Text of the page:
In the prior blog post, the Shepherd metaphor was proposed as the most comprehensive biblical leadership metaphor and the most appropriate for guiding Christian leaders today with their core responsibilities.  But, the Bible has many other roles for leadership.  What value should be understood with these comparisons?  This may seem like an academic reflection but since it has proven to be a concern for several students of the Shepherd metaphor it is worth a short explanation.

In the Old Testament, a student immediately thinks of the roles of prophet, priest and king.  These were critical roles that mostly men (prophetess and ruling queen would be the exception) held while providing leadership for the nation of Israel.  They were critical because it was through such intermediaries that God exercised His sovereign rule.  There were also roles like chief or elder of the tribes who exercised leadership within a defined sphere of influence.  Military personnel also had leadership roles.  Spiritually wise men and women (like Simeon and Anna in Luke 2) were certainly present as well but not as national leaders.  As important as these roles were, they were limited in duration and function.

When we come to the New Testament, after the ascension of Jesus there was no longer a need for the king or priest (Hebrews 8-10). The N.T. function of the prophet is generally understood as distinct from the O.T. prophet (now more forth-telling than fore-telling).  We see emerge in the book of Acts the leadership roles of apostles, deacons, and elders within the church.  Although a strong case has been made in numerous recent books that the role of Apostle still functions today, many biblical students will agree that some distinction must be made from the original Twelve Apostles.  Apostle, along with the other four leadership roles (or callings) in Ephesians 4:11-13, are always acknowledged as an individualistic function and not characteristic of every leader.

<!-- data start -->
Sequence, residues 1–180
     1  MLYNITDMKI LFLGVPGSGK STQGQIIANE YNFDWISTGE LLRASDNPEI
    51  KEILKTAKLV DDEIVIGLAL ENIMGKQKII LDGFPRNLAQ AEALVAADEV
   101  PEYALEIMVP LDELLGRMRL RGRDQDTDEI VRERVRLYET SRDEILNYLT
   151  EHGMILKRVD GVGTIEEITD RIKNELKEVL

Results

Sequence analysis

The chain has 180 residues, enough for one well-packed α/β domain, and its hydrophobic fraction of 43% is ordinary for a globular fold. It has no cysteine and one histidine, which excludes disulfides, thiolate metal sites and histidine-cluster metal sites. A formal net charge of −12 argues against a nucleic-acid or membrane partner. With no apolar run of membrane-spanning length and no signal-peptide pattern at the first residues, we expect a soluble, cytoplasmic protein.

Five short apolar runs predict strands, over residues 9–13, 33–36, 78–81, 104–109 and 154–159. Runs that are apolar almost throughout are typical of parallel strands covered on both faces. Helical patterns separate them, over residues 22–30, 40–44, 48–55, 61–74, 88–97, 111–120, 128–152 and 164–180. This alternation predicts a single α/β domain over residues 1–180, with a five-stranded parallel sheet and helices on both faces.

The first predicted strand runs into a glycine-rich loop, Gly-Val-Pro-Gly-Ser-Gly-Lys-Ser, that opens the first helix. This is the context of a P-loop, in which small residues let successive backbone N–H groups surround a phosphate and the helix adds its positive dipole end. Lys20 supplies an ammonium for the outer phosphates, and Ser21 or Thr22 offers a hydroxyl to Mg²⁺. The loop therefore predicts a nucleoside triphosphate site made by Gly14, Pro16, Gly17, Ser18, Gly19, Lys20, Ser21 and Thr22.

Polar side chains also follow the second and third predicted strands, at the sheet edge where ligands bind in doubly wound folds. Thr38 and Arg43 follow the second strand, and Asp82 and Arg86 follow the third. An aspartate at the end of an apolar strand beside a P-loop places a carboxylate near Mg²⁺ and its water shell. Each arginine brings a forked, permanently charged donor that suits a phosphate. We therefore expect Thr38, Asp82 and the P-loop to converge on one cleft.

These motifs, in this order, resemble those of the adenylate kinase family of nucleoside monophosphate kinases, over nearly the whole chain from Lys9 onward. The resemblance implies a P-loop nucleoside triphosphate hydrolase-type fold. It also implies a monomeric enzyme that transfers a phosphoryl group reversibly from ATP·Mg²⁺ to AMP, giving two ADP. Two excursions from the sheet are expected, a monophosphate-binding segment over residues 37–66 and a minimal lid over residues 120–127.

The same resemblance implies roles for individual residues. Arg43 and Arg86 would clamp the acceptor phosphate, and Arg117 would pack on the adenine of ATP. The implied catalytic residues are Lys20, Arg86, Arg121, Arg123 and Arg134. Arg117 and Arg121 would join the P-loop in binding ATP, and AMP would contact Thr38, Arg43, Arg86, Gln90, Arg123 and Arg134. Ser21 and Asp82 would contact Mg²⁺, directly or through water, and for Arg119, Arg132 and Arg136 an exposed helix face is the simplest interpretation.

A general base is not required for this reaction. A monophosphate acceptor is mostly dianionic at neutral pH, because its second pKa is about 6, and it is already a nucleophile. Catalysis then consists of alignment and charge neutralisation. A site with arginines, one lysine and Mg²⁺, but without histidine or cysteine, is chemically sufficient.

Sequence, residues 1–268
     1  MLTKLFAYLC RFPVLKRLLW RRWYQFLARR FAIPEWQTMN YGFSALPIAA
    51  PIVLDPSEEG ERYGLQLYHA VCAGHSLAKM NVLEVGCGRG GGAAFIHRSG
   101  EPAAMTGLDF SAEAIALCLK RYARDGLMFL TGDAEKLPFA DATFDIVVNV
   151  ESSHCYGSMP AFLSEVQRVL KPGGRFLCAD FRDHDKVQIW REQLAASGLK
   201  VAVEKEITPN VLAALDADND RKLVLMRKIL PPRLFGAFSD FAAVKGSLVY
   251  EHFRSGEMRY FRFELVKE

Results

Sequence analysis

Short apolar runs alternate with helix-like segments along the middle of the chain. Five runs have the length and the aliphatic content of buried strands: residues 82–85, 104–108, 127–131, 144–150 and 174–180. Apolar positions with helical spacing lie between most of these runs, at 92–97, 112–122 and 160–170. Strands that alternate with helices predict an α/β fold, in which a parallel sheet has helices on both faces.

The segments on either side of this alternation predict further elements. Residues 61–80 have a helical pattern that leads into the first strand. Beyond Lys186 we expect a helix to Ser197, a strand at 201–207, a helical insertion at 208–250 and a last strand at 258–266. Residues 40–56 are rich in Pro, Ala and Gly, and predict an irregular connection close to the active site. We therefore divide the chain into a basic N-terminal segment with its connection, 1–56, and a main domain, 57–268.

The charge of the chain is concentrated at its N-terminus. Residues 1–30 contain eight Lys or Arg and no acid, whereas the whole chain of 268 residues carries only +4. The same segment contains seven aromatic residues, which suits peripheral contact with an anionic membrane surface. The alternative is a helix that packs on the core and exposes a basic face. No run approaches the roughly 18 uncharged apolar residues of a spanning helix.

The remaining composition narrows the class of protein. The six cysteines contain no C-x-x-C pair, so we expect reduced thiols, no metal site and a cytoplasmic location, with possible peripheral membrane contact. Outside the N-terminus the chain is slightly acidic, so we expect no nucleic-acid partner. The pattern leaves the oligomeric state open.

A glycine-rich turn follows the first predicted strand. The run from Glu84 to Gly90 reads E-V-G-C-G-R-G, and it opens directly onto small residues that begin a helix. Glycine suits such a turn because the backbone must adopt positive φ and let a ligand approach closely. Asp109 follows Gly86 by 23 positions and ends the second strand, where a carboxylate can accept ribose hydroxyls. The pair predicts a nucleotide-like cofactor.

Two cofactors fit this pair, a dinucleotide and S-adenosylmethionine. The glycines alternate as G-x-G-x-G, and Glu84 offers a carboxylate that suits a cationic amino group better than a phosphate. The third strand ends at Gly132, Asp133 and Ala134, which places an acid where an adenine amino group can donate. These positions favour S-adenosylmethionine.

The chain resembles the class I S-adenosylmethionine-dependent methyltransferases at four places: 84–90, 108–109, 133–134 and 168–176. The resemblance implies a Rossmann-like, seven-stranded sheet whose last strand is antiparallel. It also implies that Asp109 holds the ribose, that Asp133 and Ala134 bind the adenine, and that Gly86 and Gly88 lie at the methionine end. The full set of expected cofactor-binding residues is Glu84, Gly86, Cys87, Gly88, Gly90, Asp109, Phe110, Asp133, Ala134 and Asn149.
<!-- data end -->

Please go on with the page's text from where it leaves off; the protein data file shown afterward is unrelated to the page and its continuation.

This brings us to the two primary roles that the Apostle Paul expounds on in some depth in the books of First Timothy and Titus, namely, deacon and elder. I will only address the role (sometimes called office) of elder.

From a study of ‘elders” in the N.T. we learn that they were generally older and worthy of respect.  In Acts they are always referred to in a plural sense and seem to share advisory duties with Apostles.  In general, elders were men who were senior spiritual leaders of a local congregation.  There is no indication that an elder was a permanent position.

In Acts 20:28 we see the words elder and shepherd used together.  The Holy Spirit (not Paul) had made the Ephesian church leaders elders with the assignment to shepherd the congregation.  The implication seems to be that serving as an elder was a role and shepherding was the responsibility.  Whereas the elder role seems to be limited to the male gender, the shepherding function has no such limitation.  Priscilla (Acts 18:2, 18, 26; Romans 16:3; 1 Corinthians 16:19) appears of equal status in leadership as her husband Aquila.

Therefore, the shepherd leader is a metaphor of one who exercises the responsibilities of ensuring that those being served are healthy in all ways (not just care needs).  Both men and women can serve as shepherds.  Shepherding is not linked to a formal role.  And, as will be shown in the next blog, to shepherd is to be like God.